Skip to main content

Physician assistant program at IUPUI granted Accreditation-Continued status

For Immediate Release Apr 4, 2017
Physician assistant program students stand in a group wearing white coats
Students in the Master of Physician Assistant Studies Program celebrate with a group photo after a white coat ceremony at the IUPUI Campus Center in August 2014.

INDIANAPOLIS – The Master of Physician Assistant Studies Program at Indiana University-Purdue University Indianapolis has passed another milestone: The Accreditation Review Commission on Education for the Physician Assistant has granted it Accreditation-Continued status.

The program, housed in the School of Health and Rehabilitation Sciences, enrolled its first students in 2013 and graduated its first cohort in 2015.

“IU’s physician assistant graduates fill a desperate need in Indiana’s health care landscape,” said Rebecca Porter, School of Health and Rehabilitation Sciences interim dean. “We are educating outstanding practitioners who are now working in medically underserved areas within the state.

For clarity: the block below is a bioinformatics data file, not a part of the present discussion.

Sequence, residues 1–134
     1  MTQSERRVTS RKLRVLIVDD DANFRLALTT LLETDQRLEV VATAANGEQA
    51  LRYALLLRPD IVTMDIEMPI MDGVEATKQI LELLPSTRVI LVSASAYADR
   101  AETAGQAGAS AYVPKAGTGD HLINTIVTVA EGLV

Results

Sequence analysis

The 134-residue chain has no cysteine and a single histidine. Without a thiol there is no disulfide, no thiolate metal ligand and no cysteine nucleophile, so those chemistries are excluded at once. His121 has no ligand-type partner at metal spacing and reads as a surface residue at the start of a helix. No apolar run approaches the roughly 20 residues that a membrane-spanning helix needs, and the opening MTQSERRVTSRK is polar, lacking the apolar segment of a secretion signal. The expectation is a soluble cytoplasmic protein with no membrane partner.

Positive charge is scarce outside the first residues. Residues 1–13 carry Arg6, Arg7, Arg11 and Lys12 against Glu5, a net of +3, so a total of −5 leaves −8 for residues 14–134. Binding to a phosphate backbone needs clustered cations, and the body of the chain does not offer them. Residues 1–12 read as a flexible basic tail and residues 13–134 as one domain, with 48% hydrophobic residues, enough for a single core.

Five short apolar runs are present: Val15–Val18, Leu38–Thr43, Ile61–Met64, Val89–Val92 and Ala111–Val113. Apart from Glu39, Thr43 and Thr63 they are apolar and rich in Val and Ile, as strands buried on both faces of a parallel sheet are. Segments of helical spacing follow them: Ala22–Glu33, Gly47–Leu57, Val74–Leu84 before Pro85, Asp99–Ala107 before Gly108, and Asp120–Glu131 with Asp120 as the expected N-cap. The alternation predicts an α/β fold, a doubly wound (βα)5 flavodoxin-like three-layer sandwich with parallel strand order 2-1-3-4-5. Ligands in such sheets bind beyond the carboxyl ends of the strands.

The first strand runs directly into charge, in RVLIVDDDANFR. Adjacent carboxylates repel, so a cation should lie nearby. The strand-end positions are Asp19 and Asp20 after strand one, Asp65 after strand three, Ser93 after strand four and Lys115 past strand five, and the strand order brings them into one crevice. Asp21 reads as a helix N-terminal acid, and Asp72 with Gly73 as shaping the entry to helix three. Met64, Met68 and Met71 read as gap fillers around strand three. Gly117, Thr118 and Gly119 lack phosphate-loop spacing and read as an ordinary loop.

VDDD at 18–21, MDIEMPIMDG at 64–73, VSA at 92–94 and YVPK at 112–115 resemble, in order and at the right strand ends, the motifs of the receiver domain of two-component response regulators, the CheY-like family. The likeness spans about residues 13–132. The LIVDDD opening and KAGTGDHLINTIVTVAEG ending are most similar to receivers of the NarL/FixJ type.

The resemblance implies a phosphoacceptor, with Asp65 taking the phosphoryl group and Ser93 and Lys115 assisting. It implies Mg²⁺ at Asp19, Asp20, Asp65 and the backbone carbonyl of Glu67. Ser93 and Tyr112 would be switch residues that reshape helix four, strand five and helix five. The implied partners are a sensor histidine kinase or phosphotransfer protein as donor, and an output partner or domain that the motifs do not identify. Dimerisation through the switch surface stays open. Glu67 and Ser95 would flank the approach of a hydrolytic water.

The 27-month program trains physician assistant students to work as part of a highly skilled medical team under the supervision of a physician or surgeon to address patient needs. Physician assistants have the ability to work autonomously to examine, diagnose and treat patients and to prescribe medicine.

The program won’t face its next validation review for another 10 years – in March 2027, said Rebecca L. Rebman, director of the Master of Physician Assistant Studies Program.

The commission examines whether the program is in compliance with 115 standards.

“It was a very arduous process,” Rebman said. “The standards are a framework for programs to determine best practices in alignment with their institution’s and their program’s goals and missions.”

Two key standards are offering students a sufficient number of clinical rotation sites and having an adequate number of faculty who are not only skilled clinicians but trained to teach as well, Rebman said: “Having faculty who have the skills to be both clinicians and academicians is really important. We welcome new preceptors to help train our learners.

“Although the next accreditation review will not take place for a decade, the accreditation process never stops,” Rebman said. “It’s an ongoing process. We have to constantly make sure we are in compliance and providing the best education possible to our students.”

Media Contact

IU Newsroom

Rich Schneider

Senior Communications Specialist/Content Strategist, IUPUI

More stories

News at IU  
News at IU